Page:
According to Pedro Cieza de León, the so-called prince of the chroniclers said that there was a legend told among the citizens of Raqchi. The temple made in honor of the God Wiracocha after a man who was miraculous appeared, but the townspeople did not pay attention to him and decided to ignore him, throw stones at him, and after that a rain of fire occurred, and the townspeople decided leave him alone. That man went to the sea and disappeared, the people never knew who that man was, and in his honor they built a temple and a sculpture; when the Spaniards arrived at this place they thought that this sculpture was a saint who passed through that place. The place was filled with lava, and maybe that explains the rain of fire, because there is a volcano near the site, called Kinsachata.
Raqchi is located in the district of San Pedro, province of Canchis, in the department of Cusco. This archaeological park covers around 1000 hectares. In its time, it was one of the most important Inca temples, as it was dedicated to the greatest god of the Inca religion. During your visit, you will find the following sectors:
Near the Archaeological Complex of Raqchi there is a small town, called San Pedro de Cacha. During the colonial era, a small church was built in the area, where you can see paintings from the famous Cusqueña School. The inhabitants of the area also stand out for the manufacture of ceramics, and some of them offer their products at the entrance to the archaeological site.
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The best time to visit Peru is during the dry season, between May and November, when the weather is dry and bright, with more frequent rainfall occurring between November and April.
To book this tour, a minimum of $ 190 USD per person is required, the remaining balance will be paid upon arrival in Peru, at the Cusco office.
Any other additional information, please coordinate with your travel agent.
All our Walking trips are graded from ‘Easy’ through to ‘Challenging to Tough’. On our online trip itineraries you’ll find a chart showing the daily walk distances, timings and information on the route including the terrain, altitude. Generally, no specific training is needed but you might feel more comfortable if you’ve got out walking a few times in the lead-up to your trip.
As with all our trips, every group is different but the ‘average’ group consists of roughly half couples and half solo travellers – all sharing a passion for exploring the world on foot. You’ll always have someone to keep you company along the route, but you don’t always have to walk together. Wherever possible your Andean Great Treks leader will allow everyone to walk at their own pace, regrouping regularly along the route.
Like many other countries in developing destinations, the region’s beauty and uniqueness are countered by inequality and lack of investment. This has led to crime rates (mainly theft and scams) not being uncommon in the larger cities. We know this doesn’t sound very attractive, but it’s important to mention it regardless. Most experienced and well-traveled visitors will understand this well and not be too concerned. However, having said this, it is our duty to take care of you during your visit. That’s why we present you here with a few recommendations to be extra safe. Avoid walking alone at night on empty streets. Don’t flaunt valuables! If going for a walk or going on public transport, be sensible and avoid showing off expensive items such as expensive watches and jewelry. Be careful of pickpockets! Don’t leave your bags anywhere that doesn’t look safe, and make sure to take them with you.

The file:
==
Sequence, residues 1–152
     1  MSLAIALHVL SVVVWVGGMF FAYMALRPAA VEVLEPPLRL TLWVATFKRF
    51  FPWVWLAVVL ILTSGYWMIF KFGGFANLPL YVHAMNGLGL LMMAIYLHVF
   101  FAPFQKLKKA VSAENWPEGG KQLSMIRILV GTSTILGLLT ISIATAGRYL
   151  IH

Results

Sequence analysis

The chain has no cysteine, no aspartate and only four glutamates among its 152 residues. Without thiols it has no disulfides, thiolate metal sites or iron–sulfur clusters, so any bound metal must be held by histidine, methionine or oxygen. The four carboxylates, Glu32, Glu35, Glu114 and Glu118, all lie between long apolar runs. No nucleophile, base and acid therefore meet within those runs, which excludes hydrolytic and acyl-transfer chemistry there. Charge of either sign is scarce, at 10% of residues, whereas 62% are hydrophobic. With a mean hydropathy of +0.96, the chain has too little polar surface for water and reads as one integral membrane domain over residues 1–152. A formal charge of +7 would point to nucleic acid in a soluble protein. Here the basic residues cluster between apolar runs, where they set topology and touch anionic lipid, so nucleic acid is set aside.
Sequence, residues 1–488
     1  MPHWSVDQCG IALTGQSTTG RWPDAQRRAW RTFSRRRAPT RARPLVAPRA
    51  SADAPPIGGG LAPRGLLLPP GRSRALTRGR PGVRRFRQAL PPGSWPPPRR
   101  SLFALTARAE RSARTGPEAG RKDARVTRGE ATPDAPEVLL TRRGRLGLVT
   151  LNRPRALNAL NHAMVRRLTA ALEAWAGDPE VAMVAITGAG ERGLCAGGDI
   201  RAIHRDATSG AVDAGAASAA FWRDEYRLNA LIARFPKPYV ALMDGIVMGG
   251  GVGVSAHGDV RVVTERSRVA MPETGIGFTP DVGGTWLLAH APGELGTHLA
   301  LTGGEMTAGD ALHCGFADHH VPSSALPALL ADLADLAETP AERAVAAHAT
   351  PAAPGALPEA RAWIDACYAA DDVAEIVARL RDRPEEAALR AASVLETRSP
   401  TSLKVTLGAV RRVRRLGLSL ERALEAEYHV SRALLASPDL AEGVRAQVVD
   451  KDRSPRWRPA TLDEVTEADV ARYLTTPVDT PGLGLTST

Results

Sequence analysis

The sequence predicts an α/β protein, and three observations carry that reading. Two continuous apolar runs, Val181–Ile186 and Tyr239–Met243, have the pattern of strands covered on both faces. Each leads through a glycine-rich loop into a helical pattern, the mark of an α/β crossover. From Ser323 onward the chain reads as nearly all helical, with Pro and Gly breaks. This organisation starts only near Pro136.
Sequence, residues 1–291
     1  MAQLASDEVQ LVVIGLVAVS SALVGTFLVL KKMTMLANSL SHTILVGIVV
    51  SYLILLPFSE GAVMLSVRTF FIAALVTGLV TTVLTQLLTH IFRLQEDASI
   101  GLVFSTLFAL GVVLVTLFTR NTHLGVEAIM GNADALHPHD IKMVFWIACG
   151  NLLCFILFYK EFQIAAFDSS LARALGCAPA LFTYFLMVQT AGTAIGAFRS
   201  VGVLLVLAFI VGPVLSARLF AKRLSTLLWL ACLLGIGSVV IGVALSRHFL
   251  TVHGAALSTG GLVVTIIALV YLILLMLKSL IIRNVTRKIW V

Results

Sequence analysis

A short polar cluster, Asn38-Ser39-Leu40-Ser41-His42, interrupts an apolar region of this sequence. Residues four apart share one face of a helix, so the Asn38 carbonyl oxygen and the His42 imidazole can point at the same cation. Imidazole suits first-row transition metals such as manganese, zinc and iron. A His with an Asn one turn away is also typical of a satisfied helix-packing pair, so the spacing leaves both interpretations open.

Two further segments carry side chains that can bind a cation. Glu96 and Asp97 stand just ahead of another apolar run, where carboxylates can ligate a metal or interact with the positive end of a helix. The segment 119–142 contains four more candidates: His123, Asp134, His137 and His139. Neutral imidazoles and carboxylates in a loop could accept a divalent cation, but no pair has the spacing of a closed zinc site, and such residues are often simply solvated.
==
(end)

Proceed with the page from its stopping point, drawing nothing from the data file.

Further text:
Soroche, or mountain sickness, is a reality for most people arriving in Cusco by plane from sea level and needs to be treated with respect. It’s vital to take it easy, not eating or drinking much on arrival, even sleeping a whole day just to assist acclimatization (coca tea is a good local remedy). After three days at this height most people have adjusted sufficiently to tackle moderate hikes at similar or lesser altitudes. Anyone considering hiking the major mountains around Cusco will need time to adjust again to their higher base camps.
If you do encounter altitude-related health problems, many hotels and restaurants have oxygen cylinders to help; alternatively, for serious cases, try call any of the clinics that are in Cusco, most of them have staff that speak English, for a greater facility in your attention it is recommended to have a travel insurance that covers medical expenses.
International flights to the capital city of Lima are plentiful but once there, you need to find a way to Cusco which is about 1100 km (684 miles) away. The quickest way to get to Cusco from Lima is to fly – it takes about 55 minutes. I don’t recommend traveling by bus because it takes about 24 hours – only do it if you intend to break the journey along the way, to visit other places.
Renting a car to travel from Lima to Cusco is not recommended. The roads are rough, and you could find yourself lost or face to face with one of the other dangers that come with traveling in unfamiliar territory.
The easiest way to explore the Sacred Valley from Cusco is on a guided full day tour that picks you up and drops you off from your hotel. The market in Pisac and Inca ruins in Ollantaytambo are the principal stops, though travelers with more time on their hands will find plenty more to see and do. It’s also possible to take a local bus or taxi into the Sacred Valley and do independent exploration.